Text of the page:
Updated 4.21.15 With 18 New Photos
VW + China = Love
You probably know that Chinese car buyers love VWs and they love limousines. Seems like a perfect opportunity to combine the two into a stylish market-leader, right?
Perhaps. The VW Phaeton has indeed been a relatively big hit in China, which is the car’s leading/only market along with Germany.
Phaeton ≠ S-Class
But there are three big issues with the Phaeton achieving big sales in China (or anywhere else…):
1 — it is ancient inside with very, very poor technology compared with the new S-Class
2 — its engines are too large and draw massive VAT taxes. In an effort to establish the flagship and a failed attempt to earn US sales, the Phaeton was powered by a W8 or W12 gasoline engine in most trims, with a V6 petrol option the smallest power plant. Diesel engines are offered in Germany, but the Chinese make diesel car sales prohibitively expensive. Tax breaks for diesels in Europe are not mirrored whatsoever in the US and China.
3 — the VW brand itself is the best-seller in China, but it is most certainly not a luxury brand. Most taxi’s are three or four-generation-old Jetta’s and Passats — making them ubiquitous and the opposite of exclusive.
Times are changing under China’s President Xi however. A side-effort of the corruption and graft crackdown means that high-ranking Communist Party officials and all PLA military personnel are forbidden from putting government license plates on luxury cars.
VW Limousines + China = Opportunity
Slide in: the new Phaeton replacement teaser. This absurdly-named ‘C Coupé GTE’ should not be confused with the very-recent Sport Coupé GTE. That previewed a VW Passat CC of the future. (These names all have two things in common: they are confusing and terrible.)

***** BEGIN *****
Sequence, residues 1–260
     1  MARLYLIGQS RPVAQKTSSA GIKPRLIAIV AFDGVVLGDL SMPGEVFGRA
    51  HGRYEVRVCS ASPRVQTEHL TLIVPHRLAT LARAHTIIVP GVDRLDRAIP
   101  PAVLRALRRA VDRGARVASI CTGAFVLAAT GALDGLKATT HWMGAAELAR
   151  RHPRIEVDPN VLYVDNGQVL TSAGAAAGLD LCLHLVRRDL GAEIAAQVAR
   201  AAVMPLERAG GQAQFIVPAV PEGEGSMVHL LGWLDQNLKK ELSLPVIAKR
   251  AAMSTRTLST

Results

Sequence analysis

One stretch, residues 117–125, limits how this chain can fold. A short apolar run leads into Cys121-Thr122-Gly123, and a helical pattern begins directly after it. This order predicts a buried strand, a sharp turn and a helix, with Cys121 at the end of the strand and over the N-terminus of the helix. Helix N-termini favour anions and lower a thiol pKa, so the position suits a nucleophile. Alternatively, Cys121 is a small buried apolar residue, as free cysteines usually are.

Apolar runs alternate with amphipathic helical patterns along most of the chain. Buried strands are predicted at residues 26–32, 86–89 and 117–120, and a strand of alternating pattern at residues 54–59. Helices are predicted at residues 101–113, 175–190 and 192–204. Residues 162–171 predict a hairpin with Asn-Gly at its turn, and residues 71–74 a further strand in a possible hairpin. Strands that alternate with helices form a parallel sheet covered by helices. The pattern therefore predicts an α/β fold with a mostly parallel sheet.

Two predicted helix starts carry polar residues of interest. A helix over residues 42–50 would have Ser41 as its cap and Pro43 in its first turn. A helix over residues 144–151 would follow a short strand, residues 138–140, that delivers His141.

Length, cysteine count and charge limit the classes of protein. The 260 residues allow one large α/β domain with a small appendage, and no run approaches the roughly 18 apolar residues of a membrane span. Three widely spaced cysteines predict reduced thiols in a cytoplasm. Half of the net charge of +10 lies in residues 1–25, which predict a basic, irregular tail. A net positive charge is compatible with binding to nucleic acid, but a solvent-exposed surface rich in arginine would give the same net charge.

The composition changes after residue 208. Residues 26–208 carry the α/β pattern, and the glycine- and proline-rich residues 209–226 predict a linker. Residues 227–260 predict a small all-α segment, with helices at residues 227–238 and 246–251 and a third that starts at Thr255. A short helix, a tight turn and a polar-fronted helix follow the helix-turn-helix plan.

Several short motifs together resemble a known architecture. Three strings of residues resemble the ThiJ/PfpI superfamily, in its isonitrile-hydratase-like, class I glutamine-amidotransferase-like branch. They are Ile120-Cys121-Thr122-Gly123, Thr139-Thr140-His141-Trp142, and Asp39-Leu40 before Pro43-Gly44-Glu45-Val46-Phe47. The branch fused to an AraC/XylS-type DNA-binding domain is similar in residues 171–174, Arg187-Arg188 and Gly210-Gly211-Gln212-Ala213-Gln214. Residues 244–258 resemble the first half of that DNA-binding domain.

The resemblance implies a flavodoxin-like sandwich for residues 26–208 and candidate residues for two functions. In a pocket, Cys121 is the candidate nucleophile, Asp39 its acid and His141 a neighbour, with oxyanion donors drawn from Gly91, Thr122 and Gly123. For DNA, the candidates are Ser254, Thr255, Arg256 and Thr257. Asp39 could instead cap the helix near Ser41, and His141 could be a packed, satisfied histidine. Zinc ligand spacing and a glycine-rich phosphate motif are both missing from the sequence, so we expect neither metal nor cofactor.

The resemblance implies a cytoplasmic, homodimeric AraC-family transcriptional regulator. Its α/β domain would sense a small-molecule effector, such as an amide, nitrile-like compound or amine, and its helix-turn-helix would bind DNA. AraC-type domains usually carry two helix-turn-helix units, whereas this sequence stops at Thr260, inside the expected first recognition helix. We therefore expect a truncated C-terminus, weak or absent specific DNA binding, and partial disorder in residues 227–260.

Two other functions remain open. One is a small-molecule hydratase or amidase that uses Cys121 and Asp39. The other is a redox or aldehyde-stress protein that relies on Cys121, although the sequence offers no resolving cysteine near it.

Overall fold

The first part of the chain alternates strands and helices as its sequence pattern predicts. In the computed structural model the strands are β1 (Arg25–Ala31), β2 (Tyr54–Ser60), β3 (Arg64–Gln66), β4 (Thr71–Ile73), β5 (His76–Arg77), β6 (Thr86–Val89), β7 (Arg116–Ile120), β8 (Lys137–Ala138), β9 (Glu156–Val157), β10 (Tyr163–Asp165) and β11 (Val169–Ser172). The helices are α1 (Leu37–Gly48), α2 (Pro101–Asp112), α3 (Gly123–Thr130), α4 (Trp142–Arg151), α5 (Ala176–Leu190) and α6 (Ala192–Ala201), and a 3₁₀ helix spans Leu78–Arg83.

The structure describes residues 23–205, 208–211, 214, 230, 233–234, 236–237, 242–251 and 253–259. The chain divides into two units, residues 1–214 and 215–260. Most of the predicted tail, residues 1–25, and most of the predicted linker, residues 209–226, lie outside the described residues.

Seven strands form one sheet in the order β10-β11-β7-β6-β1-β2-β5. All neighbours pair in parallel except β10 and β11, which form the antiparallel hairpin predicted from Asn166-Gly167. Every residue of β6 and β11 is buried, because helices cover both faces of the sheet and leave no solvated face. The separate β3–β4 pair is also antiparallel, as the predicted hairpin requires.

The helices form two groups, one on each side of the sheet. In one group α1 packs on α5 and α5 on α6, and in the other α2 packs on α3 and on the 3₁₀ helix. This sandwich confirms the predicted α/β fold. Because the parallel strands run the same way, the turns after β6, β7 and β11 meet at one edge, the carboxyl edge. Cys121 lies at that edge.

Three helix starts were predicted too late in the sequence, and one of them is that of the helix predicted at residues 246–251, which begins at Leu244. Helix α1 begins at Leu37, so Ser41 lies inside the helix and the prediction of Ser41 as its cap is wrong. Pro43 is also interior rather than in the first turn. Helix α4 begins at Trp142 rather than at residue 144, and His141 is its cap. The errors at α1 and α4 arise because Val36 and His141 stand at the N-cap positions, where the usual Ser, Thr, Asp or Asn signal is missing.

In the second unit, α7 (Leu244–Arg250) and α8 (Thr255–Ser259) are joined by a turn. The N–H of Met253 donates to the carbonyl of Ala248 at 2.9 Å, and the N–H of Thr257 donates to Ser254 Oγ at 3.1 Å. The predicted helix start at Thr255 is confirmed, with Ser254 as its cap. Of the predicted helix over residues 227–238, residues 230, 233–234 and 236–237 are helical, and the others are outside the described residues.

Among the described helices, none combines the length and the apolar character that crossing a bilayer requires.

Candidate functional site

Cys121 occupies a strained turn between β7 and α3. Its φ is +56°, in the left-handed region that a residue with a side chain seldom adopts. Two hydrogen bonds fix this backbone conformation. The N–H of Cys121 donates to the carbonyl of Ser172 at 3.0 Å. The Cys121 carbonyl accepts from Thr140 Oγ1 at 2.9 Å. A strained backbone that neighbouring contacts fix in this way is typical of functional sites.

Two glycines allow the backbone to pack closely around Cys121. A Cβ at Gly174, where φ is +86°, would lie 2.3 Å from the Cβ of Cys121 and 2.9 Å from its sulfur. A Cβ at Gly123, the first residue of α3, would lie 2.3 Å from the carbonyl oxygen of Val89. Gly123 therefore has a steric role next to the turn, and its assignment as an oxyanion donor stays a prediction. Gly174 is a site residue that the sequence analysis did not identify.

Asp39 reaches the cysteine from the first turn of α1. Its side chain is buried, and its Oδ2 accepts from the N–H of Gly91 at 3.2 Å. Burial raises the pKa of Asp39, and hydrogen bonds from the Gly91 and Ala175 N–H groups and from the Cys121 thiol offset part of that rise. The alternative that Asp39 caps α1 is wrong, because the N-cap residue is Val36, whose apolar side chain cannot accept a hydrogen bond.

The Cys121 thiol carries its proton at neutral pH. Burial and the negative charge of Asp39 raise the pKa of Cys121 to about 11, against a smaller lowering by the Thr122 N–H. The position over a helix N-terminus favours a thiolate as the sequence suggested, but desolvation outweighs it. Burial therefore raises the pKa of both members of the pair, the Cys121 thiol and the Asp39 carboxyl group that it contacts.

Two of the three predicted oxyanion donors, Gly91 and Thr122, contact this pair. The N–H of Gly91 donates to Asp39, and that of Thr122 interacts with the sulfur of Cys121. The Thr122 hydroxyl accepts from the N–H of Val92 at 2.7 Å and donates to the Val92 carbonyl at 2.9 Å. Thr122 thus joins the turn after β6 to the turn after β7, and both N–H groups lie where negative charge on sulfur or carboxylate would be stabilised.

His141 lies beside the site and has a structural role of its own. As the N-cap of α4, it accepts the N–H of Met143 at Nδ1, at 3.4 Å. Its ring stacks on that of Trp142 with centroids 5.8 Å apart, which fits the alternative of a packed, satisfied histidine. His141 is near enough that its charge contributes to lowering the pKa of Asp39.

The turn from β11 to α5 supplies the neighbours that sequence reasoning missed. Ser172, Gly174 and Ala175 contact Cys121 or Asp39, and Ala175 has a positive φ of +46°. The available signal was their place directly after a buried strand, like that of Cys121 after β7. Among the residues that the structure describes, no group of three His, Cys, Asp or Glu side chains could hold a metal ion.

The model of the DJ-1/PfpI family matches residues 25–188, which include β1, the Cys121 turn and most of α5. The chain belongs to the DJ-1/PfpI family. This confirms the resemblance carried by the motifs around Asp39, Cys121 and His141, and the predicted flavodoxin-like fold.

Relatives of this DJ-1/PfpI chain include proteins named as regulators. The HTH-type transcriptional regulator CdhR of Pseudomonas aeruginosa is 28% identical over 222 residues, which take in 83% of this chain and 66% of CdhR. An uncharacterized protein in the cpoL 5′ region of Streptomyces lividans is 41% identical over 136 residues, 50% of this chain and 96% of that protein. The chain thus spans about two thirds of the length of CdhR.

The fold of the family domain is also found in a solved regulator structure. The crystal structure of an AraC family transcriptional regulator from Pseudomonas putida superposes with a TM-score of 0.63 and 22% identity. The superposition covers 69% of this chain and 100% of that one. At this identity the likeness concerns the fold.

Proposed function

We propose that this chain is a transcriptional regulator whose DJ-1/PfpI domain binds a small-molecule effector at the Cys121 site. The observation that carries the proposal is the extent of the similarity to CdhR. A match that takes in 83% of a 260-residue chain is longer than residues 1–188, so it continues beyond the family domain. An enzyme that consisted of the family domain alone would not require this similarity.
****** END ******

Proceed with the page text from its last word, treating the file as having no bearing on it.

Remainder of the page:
The new C Coupe GTE is a plug-on hybrid with a small four-cylinder gasoline engine up front, a big battery pack in back, and a cabin that is now ultra-modern with advanced technology.
Longitudinal Engine + Front Drive = ??????
The proportions are better than the current Phaeton as a result of the W12 engine no longer needing to fit up front. The W8 was huge too — causing the big overhang-design that still mars the big VW and Bentley Continentals. Removing that boat anchor up front let VW team’s push the front wheels forward dramatically.
This chassis design for the engine is pretty odd, mind you.
The 2.0-liter engine is not the typical transverse VW layout as on the current Phaeton, Continental, etc. It is more Panamera-like in being a longitudinal setup. This sends power into an 8-speed automatic with integrated hybrid assist. It sends all engine power up to the front wheels.
VW Limo + Coupe Style = BMW-fighter?
The roofline is now much lower and sportier, with an overall cab-backward design that recalls true luxury limo’s.
This C Concept GTE includes some interesting new design ideas, despite looking very blah from up front and back in these preview images.
Real photos should show how dramatic the upper beltline crease is– this is a huge, sharp and deep stamp in the surfacing that runs from the front fenders all the way around the car and folding into the taillamps. It is the freshest part of the design overall, besides the newly-premium stance and proportions.
VW C Concept GTE = Phaeton CC
So, you might ask: why would VW even bother replacing the much-loathed Phaeton? The opportunity is clearly there to earn Chinese sales from wealthy people why are shy about showing their money off. These people are rapidly ditching any outward signs of their affluence to avoid seeming corrupt. This makes a VW with S-Class-rivalling features, comfort and space seem like a good idea. For many eyes, it will just look like a giant Passat.
That will make the C Concept GTE another huge flop in the US market, but let’s keep moving forward.
Secondly, VW needs a new Phaeton-size architecture to continue all the NVH and tech knowledge learned making the first Phaeton. Much of that knowledge directly poured into the 2005-and-beyond Golfs, Passats and others — paying for the R&D efforts easily.
Thirdly, the Phaeton-sized VW is important as a glamour project for VW executive management, who are keen to do the heavy lifting and engineering on the next-gen Bentley Flying Spur in-house. And away from Porsche, which may snag the next Continental platform-sharing assignment.
Will the C Concept GTE actually materialize and be for sale as a sort of Phaeton CC — a 4-door coupe-ish limo?
Probably not. But it is important to show VW’s intentions to its most-important market recently: Asia.
2015 Volkswagen C Concept GTE